The Enemy Inside
John Knowles’ novel, A Separate Peace, is composed around the story of two adolescents living during World War II. This novel conveys a warlike theme, but ironically no guns are fired. While there is an actual war that takes place on a battlefield, the main war does not. This war-like tone establishes the central theme in the novel, and is associated with the struggle of young men converting into adulthood. This being said, the war that takes place is a symbolic one; it’s a war that exists within the youth of the story. The boys who fight this war graduate from Devon, which curtains the horrors that the real world holds, then immediately serve in World War II, which exposes the boys to nightmares that they had never even dreamed about. World War II plays a vital role in this novel acting as a perfect transition for the boys disencumbering their innocence and then evolving into men. Gene, the main character in the novel, states that he fought his “war” at Devon and killed his enemy there. Although Phineas considered Gene to be his best friend, he was also Gene’s greatest enemy; Finny can be symbolized as the youth and innocence that dwelled within Gene, therefore “killing the enemy” was the only way for Gene to mature into adulthood.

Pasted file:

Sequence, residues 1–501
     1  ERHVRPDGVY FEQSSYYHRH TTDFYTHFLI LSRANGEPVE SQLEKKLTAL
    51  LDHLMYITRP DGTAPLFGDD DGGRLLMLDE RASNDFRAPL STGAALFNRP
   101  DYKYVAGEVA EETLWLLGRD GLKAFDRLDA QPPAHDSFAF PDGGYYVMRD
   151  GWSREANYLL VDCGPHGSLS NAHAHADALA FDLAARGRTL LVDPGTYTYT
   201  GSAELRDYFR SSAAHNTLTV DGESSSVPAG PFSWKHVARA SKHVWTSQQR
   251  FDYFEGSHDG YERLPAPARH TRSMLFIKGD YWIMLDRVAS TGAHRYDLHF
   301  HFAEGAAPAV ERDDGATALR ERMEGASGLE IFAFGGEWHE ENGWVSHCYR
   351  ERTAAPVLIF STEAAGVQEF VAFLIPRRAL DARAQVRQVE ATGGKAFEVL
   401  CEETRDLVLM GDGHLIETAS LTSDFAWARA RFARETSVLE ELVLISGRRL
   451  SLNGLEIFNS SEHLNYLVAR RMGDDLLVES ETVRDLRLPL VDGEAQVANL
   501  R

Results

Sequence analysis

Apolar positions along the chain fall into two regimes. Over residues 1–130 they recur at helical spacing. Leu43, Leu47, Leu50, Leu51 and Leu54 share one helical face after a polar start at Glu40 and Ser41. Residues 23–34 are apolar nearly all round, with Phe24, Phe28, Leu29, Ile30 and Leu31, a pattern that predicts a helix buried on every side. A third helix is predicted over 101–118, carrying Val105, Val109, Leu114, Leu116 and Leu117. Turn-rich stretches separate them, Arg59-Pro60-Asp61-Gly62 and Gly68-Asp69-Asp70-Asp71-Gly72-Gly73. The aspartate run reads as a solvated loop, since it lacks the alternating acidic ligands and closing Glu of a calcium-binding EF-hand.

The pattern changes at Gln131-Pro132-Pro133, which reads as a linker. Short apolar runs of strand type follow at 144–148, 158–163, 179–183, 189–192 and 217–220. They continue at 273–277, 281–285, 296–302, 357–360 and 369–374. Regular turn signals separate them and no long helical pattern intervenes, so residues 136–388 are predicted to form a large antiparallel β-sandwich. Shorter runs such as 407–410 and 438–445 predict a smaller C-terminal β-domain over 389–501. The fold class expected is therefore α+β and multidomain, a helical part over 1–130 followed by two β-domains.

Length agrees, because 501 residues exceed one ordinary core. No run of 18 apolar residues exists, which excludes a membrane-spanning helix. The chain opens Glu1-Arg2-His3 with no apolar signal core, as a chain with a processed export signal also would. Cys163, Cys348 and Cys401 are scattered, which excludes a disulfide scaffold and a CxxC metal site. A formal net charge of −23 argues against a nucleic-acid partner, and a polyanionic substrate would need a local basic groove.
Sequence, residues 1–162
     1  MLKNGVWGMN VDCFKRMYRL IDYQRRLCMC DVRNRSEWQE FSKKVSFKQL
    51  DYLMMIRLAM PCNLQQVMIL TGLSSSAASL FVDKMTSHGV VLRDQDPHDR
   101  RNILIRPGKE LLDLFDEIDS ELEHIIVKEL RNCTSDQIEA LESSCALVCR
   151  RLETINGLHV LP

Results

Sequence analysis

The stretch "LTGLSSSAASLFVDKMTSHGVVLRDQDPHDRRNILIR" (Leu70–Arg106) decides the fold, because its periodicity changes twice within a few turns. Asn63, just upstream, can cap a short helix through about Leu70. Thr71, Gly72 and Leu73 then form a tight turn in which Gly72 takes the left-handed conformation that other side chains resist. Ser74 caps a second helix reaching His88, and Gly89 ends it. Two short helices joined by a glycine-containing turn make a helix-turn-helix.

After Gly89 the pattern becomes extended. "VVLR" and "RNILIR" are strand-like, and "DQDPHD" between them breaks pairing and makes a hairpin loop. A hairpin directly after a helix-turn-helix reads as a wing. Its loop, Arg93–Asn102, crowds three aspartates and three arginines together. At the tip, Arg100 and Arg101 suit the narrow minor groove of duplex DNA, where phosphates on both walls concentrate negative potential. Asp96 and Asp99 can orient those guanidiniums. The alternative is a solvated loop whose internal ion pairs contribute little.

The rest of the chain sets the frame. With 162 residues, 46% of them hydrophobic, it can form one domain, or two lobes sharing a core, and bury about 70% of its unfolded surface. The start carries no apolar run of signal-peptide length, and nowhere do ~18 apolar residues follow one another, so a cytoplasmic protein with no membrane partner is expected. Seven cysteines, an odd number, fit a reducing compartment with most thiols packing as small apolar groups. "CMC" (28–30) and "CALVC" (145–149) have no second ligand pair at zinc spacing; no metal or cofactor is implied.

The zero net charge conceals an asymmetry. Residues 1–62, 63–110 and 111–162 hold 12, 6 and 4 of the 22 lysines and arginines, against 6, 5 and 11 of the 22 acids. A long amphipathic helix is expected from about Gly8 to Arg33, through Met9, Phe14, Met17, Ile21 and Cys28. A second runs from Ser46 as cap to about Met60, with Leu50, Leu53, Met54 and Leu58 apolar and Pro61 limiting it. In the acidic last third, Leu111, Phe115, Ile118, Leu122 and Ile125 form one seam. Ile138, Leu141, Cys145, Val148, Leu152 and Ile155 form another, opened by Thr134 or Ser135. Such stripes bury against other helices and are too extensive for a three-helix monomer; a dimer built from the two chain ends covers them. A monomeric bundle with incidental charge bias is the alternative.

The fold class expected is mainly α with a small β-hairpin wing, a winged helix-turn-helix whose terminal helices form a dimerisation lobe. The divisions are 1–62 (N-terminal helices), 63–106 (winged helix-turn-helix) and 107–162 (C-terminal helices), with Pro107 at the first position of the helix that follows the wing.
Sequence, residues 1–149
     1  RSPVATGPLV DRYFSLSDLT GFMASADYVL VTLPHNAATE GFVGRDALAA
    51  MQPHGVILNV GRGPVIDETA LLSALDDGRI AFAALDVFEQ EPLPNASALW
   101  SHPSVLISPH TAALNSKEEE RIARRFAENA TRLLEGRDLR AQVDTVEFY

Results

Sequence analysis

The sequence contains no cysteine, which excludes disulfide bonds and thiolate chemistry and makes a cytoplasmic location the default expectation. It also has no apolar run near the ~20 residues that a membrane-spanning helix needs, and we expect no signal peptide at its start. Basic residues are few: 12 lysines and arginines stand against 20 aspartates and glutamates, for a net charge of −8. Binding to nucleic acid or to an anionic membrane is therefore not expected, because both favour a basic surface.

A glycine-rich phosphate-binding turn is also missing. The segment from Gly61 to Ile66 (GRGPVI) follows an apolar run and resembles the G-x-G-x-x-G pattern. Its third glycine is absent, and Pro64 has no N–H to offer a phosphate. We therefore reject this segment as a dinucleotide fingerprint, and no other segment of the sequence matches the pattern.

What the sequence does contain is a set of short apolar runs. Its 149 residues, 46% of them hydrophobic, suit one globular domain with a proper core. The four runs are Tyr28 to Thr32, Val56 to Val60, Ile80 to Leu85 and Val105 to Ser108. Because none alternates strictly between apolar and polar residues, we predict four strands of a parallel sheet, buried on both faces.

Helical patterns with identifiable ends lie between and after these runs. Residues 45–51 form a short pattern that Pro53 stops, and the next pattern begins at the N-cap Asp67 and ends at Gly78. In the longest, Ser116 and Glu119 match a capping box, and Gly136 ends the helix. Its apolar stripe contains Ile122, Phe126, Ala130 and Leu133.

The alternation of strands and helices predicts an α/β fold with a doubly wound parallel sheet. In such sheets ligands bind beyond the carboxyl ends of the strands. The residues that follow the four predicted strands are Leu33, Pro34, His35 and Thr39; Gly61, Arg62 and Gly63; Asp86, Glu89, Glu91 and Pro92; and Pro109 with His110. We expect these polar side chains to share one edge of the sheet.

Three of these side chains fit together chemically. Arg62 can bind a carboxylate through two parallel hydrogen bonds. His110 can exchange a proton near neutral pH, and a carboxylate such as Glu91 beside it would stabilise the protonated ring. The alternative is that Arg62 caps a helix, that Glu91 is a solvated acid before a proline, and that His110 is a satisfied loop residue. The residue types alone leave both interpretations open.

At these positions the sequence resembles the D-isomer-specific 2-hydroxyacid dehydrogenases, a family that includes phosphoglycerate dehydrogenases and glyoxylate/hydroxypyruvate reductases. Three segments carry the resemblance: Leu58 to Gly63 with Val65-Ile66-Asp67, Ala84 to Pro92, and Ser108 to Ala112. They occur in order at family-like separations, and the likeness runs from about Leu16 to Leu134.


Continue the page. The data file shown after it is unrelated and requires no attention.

Gene Forester begins his narration by describing his return to Devon, a boarding school in New Hampshire, which he graduated from fifteen years before. During Gene’s visit, he decides to approach two places that seem to have significant meaning to him. He first comes to this set of marble stairs, and describes them as being quite hard and how he had overlooked that “crucial fact.” The second place Gene visits is a tree, a tree that is of such incredible significance to him that he endures rain, mud, and fog just to see it once more. “I was thankful, very thankful that I had seen it. So the more things remain the same, the more they change after all-plus c’est la meme chose, plus ca change....
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